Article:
7 Ways to Increase Your Self-Esteem
Last week, a couple of readers asked if I had any tips for increasing self-esteem. So that’s what we’re going to talk about today – how to raise your self-esteem.
Traditional advice includes positive affirmation, recognizing your strengths, and meditation – but my advice includes none of these.
Don’t get me wrong – I’m sure affirmations work wonderfully for some people, but they did not work for me because they seemed like a trick – a smoke screen covering the truth – to my highly analytical mind.
Whether affirmations work really isn’t the point – the point is that the advice I dispense on this site comes from my own experience. In other words, I have to write what I know.
And the truth is, I know what it’s like to suffer from low self-esteem, and I also know what it’s like to finally learn to believe in myself. So every bit of advice that I dispense here today has been battle tested in my own life.
There are no easy fixes here because raising your self-esteem requires hard work, introspection, and dedication. So let’s get to work!
Discard Outdated and Unfair Childhood Evaluations
Many people who suffer from low self-esteem learned to think poorly of themselves during childhood, often because someone of significance disapproved of them: a parent, relative, or peer.
It really doesn’t matter who planted the seeds of your low self-esteem; if you’re still dragging the opinion of someone else around with you, it’s time to formulate your own opinions based upon your life as it exists today.
My own struggles with self-esteem can be traced back to specific incidents in my childhood, often involving the bullying and teasing of peers. Once I understood this, I started telling myself that the opinions of a bunch of grade-school kids formed more than 25 years ago were an awfully flimsy foundation upon which to base my current opinion of myself.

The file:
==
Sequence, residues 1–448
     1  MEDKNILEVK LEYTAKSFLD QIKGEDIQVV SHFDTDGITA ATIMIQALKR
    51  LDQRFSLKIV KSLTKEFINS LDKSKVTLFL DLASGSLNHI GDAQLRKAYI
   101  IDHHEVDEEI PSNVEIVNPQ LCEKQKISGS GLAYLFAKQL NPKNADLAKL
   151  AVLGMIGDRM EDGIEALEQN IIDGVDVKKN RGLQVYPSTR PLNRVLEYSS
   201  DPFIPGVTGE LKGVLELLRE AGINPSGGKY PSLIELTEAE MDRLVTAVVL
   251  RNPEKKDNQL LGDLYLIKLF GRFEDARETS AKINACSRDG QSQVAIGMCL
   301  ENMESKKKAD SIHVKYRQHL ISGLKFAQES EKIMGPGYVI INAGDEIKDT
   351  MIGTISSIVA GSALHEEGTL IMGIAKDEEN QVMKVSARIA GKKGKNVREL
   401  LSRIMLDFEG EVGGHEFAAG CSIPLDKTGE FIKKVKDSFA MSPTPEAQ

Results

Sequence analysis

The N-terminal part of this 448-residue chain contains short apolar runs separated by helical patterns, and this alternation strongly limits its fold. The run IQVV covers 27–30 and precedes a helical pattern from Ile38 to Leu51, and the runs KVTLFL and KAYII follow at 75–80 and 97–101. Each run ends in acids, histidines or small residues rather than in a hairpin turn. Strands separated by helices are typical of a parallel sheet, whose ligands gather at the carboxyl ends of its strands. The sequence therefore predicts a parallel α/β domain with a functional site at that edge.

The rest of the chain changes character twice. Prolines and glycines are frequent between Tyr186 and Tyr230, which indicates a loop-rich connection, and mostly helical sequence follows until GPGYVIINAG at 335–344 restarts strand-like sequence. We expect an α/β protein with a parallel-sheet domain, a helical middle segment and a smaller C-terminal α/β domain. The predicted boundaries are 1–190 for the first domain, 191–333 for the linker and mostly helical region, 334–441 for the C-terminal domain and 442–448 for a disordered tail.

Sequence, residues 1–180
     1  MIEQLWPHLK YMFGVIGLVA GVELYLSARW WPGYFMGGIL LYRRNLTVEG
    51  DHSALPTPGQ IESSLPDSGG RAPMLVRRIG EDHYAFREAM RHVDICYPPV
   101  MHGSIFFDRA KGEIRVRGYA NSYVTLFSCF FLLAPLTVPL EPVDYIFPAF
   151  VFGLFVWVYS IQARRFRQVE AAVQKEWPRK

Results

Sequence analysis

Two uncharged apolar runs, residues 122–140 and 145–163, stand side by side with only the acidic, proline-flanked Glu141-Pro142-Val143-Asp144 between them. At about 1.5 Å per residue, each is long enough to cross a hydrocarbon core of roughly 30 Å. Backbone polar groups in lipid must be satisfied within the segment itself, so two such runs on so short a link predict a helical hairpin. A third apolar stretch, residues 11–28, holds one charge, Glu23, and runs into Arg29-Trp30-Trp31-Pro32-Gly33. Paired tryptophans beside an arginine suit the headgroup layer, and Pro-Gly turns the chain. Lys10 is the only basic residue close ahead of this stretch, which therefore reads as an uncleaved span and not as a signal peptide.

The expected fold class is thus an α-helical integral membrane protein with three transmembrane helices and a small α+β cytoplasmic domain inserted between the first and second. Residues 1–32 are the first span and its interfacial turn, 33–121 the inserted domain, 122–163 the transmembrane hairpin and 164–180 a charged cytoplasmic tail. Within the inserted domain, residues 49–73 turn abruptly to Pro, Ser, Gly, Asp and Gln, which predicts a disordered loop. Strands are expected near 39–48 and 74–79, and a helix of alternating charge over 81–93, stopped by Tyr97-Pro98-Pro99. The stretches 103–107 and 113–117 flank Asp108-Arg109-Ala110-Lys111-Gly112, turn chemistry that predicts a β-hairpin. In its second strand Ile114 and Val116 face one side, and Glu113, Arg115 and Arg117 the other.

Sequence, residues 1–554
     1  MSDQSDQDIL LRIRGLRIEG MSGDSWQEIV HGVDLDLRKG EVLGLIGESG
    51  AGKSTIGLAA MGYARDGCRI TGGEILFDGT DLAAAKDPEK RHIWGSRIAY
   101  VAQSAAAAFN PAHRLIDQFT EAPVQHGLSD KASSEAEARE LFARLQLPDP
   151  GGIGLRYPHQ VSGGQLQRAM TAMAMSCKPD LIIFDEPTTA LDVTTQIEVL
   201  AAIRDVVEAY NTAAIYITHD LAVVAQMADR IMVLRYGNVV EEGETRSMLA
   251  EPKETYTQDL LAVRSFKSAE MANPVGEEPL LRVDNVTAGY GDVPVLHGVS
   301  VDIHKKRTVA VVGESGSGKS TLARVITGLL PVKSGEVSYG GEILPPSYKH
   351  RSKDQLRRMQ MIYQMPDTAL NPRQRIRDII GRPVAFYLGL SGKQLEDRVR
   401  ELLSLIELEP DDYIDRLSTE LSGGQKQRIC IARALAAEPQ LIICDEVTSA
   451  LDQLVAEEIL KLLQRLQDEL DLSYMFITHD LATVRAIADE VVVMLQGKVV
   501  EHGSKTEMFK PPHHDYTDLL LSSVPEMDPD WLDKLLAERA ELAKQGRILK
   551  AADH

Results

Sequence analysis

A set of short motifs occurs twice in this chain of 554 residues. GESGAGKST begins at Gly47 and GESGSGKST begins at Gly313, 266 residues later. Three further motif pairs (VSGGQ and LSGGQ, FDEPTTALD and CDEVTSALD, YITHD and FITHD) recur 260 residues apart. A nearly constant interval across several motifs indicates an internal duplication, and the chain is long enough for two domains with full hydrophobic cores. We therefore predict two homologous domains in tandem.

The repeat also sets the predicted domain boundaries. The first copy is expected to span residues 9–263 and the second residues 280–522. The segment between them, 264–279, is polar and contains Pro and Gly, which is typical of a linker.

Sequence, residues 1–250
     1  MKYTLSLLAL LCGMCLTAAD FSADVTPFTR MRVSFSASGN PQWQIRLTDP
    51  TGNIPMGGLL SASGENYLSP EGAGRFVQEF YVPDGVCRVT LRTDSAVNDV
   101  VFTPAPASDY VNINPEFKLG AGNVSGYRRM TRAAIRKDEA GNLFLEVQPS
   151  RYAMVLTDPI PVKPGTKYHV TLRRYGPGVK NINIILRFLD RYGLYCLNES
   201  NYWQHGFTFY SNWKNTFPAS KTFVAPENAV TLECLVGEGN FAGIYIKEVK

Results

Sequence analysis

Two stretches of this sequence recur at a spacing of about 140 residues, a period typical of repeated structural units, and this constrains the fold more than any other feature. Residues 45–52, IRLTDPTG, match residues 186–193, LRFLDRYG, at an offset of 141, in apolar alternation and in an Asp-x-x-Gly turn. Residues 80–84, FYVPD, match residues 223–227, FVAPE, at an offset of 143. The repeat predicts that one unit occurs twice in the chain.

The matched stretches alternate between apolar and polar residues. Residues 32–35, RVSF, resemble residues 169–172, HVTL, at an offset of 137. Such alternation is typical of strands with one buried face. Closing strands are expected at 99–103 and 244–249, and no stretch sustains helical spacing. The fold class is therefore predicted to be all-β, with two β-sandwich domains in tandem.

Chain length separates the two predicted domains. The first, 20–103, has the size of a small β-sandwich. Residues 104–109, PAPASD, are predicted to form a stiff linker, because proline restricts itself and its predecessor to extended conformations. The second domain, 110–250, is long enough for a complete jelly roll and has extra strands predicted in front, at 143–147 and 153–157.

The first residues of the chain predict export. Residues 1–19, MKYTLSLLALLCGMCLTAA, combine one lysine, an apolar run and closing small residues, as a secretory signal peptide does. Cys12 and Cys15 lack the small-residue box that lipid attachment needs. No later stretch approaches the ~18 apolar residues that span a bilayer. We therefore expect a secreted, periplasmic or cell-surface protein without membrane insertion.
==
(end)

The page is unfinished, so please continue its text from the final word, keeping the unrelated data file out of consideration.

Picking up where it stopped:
My perspective didn’t change overnight, but it did change.
Take Responsibility for Everything in Your Life
Find a mirror, look yourself in the eye, and say, “I am responsible for everything in my life. And only I have the power to make my life better.”
This is not an affirmation – it’s a reality check. And despite the fact that these words may seem self-defeating, I promise you they are the most liberating words I know.
How wonderful it is to know we have the power to take the reigns of our lives and assume responsibility for all our life circumstances.
Improve Your Trouble Areas
Do you have one or two areas that send you into spirals of despair? If so, fix those areas.
When I was younger, I had terrible people skills, which is one of the reasons my peers rejected me in grade school. But as I grew older, I recognized the importance of correcting the problem within me instead of waiting for the world to change. Today, I’m a skilled communicator, comfortable around people, with no self-esteem issues.
The moral here is simple: If you doubt your intelligence, accomplish something intellectual; if you doubt your social skills, accomplish something social; and if you doubt your physical abilities, accomplish something physical.